Mayor Gregor Robertson will be introducing a motion on notice at this week’s Council meeting for the City to ask Prime Minister Stephen Harper and the Federal Government to guarantee open public hearings and cross-examination of witnesses at the National Energy Board’s upcoming review of the proposed Kinder Morgan Trans Mountain Pipeline expansion.

This motion follows a letter sent last week from the City of Vancouver to the NEB, in support of Intervenor Robyn Allan’s motion to amend the Hearing Order to include oral cross-examination of all witnesses on their evidence by Intervenors, the NEB, and Trans Mountain, if they choose do so. The ability to cross-examine all witnesses was part of the Northern Gateway review process, but is not part of the Trans Mountain Pipeline review.

“Vancouver has substantial concerns to express about the enormous risks posed to our local economy and environment by a seven-fold increase in oil tanker traffic in and around Vancouver’s harbour,” said Mayor Gregor Robertson. “The National Energy Board’s review process must guarantee a thorough, inclusive, and open hearing of input from all stakeholders. It’s clear to me that the current process will preclude important evidence from being examined and prevent far too many voices from exercising their right to be heard.”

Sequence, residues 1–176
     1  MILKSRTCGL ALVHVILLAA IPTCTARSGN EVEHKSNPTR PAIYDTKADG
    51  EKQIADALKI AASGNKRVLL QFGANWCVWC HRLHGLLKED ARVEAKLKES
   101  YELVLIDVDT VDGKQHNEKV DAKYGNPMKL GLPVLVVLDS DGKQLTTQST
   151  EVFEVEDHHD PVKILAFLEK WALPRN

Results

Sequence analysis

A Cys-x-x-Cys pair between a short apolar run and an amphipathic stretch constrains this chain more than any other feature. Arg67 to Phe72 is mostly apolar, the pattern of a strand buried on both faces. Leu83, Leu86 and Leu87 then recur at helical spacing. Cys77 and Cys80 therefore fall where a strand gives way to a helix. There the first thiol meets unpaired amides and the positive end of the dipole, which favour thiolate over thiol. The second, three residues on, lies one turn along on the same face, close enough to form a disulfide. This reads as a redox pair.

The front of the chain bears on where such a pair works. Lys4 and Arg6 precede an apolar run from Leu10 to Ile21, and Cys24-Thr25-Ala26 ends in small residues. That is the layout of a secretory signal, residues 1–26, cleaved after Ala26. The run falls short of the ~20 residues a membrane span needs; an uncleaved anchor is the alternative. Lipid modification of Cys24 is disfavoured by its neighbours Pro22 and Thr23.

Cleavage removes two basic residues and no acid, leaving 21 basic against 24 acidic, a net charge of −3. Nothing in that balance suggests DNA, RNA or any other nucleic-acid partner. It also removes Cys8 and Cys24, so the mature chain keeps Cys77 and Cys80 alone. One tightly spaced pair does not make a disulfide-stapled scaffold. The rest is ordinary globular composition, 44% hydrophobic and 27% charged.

Program to improve taxi accessibility first of its kind in Canada

At Vancouver City Hall today, Mayor Gregor Robertson, the Vancouver Taxi Association and the BC Coalition of People with Disabilities officially launched ‘Ask-Listen-Act’, a new form of enhanced taxi driver training involving seniors and people with disabilities. The program is the first of its kind in Canada.

“The launch of ‘Ask-Listen-Act’ will help make our taxi fleet more accessible and convenient for local seniors and people with disabilities,” said Mayor Gregor Robertson. “From our new building code to enhanced investments in pedestrian safety, the City is committed to improving accessibility for everyone. I want to thank the VTA for their leadership in creating this program, and to the BC Coalition of People with Disabilities and all of the stakeholders who were involved in its development.”